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African Goliath Beetle Life Cycle: Lesson for Kids

Instructor: Diane Sieverson

Diane has taught all subjects at the elementary level, was the principal of a K-8 private school and has a master's degree in Measurement and Evaluation.

African goliath beetles are some of the biggest beetles found on Earth. This lesson will teach you about the different stages of their life cycle and how big these huge insects eventually become.

What Is an African Goliath Beetle?

When you think of beetles, you probably picture the kinds that aren't very big and live in your back yard or the park, like lady bugs, fireflies and June bugs. But imagine stretching your hand out flat and holding a beetle that's at least as big as your open palm! These beetles really exist. They're found in African rainforests and are called African goliath beetles.

African goliath beetle
African goliath beetle

Although they're really big as adults and can grow to be over 4 inches long, they don't start out that way. Just like you, African goliath beetles have a life cycle, which refers to the changes they go through from birth to adulthood. During their life cycle, they undergo four different stages of growth and change, which is called complete metamorphosis. These stages are eggs, larvae, pupae and adult. It takes about one year for an African goliath beetle to go through these stages, which is about how long they live.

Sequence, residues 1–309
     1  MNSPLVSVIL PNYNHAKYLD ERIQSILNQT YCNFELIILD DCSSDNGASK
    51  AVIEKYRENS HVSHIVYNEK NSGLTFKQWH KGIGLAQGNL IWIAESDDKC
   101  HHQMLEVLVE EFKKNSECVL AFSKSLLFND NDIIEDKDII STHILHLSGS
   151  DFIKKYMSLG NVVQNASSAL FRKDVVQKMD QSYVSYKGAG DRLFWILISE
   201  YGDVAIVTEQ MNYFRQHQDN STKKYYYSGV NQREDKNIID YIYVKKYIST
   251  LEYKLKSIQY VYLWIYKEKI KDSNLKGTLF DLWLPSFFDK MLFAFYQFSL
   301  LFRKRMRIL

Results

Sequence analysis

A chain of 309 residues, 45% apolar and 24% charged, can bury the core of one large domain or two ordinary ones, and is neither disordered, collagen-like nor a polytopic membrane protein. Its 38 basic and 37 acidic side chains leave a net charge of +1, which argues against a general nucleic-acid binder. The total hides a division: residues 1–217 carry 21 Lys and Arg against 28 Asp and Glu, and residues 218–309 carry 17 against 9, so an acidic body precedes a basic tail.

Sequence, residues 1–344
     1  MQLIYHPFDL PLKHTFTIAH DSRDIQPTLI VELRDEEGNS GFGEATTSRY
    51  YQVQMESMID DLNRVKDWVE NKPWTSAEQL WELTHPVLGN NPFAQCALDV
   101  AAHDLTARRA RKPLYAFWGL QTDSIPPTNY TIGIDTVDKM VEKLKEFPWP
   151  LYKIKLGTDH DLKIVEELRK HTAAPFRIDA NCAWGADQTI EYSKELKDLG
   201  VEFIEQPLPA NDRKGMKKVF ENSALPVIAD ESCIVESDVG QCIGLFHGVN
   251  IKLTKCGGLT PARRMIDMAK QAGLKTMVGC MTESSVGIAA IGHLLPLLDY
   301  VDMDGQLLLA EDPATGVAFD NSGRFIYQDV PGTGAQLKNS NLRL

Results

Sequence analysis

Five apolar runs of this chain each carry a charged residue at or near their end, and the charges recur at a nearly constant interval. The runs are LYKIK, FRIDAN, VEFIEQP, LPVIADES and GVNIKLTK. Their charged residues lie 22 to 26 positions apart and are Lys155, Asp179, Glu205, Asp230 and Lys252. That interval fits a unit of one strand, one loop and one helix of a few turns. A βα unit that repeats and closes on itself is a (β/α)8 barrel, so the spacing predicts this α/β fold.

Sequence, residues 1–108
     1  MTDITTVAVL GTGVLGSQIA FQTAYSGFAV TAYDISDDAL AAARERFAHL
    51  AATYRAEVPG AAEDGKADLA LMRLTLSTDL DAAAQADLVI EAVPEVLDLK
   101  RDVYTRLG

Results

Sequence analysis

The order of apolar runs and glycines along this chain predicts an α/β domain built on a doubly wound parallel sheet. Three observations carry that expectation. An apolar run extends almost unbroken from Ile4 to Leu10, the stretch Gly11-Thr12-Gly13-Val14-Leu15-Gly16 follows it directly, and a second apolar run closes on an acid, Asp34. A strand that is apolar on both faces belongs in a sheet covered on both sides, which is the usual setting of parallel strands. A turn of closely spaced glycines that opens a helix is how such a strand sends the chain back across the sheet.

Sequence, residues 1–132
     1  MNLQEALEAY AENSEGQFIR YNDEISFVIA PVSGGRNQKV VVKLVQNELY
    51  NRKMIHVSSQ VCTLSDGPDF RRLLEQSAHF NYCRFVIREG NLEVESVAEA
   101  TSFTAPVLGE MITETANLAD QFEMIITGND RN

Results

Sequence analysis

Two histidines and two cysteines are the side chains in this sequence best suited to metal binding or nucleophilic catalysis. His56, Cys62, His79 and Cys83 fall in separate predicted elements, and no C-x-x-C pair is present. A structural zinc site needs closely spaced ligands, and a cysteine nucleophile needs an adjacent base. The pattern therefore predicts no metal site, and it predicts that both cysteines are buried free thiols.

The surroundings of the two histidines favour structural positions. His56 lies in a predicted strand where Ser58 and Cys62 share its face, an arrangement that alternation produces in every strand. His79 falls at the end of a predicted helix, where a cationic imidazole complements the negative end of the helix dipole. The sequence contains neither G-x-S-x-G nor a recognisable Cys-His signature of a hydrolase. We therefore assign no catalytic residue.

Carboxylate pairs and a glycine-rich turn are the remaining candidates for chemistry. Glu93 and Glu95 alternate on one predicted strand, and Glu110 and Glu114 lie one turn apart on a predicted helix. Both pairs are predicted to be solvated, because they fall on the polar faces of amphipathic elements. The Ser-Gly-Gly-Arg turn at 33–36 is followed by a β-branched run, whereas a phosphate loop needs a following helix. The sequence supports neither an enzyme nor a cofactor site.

African Goliath Beetle Eggs

When it's time for a mother African goliath beetle to lay her eggs, she digs a hole in the rich dirt of the rainforest. But unlike your parents, she doesn't stick around to take care of them.

It can take the eggs up to two weeks to hatch underground. At this point, wiggly larvae start to appear.

African Goliath Beetle Larvae

African goliath beetle larvae (pronounced lar-VEE) look like fat, squishy worms with no eyes. But they don't need to see at this point because they will live underground in the dark for several months. The larvae eat and grow, getting bigger and bigger.

Example of a beetle larva
Example of a beetle larva

They are at their heaviest during this stage and can weigh about one quarter of a pound, which is around the same as twenty quarters! And African goliath beetle larvae can grow to be around five inches long, too - that's a little longer than a soda can.

African Goliath Beetle Pupae

After the larvae have finished growing, they dive deeper underground and use the soil and their spit to make a thin case, like a butterfly makes a cocoon. They become pupae (pronounced PEW-pee) and will rest inside their case for several months as their bodies change and grow long legs, wings and a hard outer shell called an exoskeleton.

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